Saturday, February 15, 2014
At this time last year, in the days when my father was dying, it snowed and snowed. From the hospital windows, it had its beauty. The hallway near the elevators had windows that looked down on to a sort of large courtyard, not rustic, but still made precise by the snow. People crossed and you would see dark footprints. These would then be covered. The footprints and their being covered, traces of particular steps and shoes, then again white -- the tiny brevity of each passing figure, of the length of time in which the marks each made were visible, and then the snow.
Time is slower in the snow. You can see it passing before your eyes. Discrete white that you can follow just long enough to feel that you were following it before it was lost, but over and over so that the seconds fill, and the minutes.
A man in a blue hat, walking vigorously -- I can see his head and shoulders beyond the fence with its white lines, through the scrim of white air -- passes the stop sign, makes his way along the road, goes behind the pine tree now more white than green, leaves the visual field.
Sunday, November 24, 2013
Camille Pissarro, theorist and mentor of the Impressionist movement, was known for giving sound advice. Here are some of his thoughts as later recollected by the painter Louis Le Bail (in Rewald, The History of Impressionism). They’re in the order that Le Bail wrote them down in, but I’ve broken them into territories, and set them to some iphone details I took of the last Pissarro I looked at, Pontoise, the Road to Gisors in Winter, 1873, at the Museum of Fine Arts in Boston:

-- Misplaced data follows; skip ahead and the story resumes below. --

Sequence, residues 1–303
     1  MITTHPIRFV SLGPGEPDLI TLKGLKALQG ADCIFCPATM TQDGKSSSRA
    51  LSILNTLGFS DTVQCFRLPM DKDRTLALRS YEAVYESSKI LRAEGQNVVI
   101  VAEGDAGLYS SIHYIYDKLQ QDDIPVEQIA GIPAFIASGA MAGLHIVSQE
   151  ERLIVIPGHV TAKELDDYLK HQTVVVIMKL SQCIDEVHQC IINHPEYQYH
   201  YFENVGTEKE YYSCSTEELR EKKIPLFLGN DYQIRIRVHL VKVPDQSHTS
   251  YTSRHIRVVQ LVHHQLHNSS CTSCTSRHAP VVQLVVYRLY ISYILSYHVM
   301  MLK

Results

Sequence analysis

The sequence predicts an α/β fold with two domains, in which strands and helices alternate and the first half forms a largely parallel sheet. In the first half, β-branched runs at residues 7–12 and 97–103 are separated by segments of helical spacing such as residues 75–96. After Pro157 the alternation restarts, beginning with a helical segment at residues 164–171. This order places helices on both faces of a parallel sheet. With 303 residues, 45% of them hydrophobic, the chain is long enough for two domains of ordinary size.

Look for the kind of nature that suits your temperament.
The motif should be observed more for shape and color than for drawing. There is no need to tighten the form which can be obtained without that. Precise drawing is dry and hampers the impression of the whole, it destroys all sensations. Do not define too closely the outlines of things; it is the brush stroke of the right value and color which should produce the drawing.
In a mass, the greatest difficulty is not to give the contour in detail, but to paint what is within. Paint the essential character of things, try to convey it by any means whatsoever, without bothering about technique.
When painting, make a choice of subject, see what is lying at the right and at the left, then work on everything simultaneously. Don’t work bit by bit, but paint everything at once by placing tones everywhere, with brush strokes of the right color and value, while noticing what is alongside. Use small brush strokes and try to put down your perceptions immediately.
The eye should not be fixed on one point, but should take in everything, while observing the reflections which the colors produce on their surroundings. Work at the same time upon sky, water, branches, ground, keeping everything going on an equal basis and unceasingly rework until you have got it. Cover the canvas at the first go, then work at it until you can see nothing more to add.
Observe the aerial perspective well, from the foreground to the horizon, the reflections of sky, of foliage.
Don’t be afraid of putting on color, refine the work little by little.
Don’t proceed according to rules and principles, but paint what you observe and feel.
Paint generously and unhesitatingly, for it is best not to lose the first impression.
Don’t be timid in front of nature: one must be bold, at the risk of being deceived and making mistakes.
One must have only one master – nature; she is the one always to be consulted.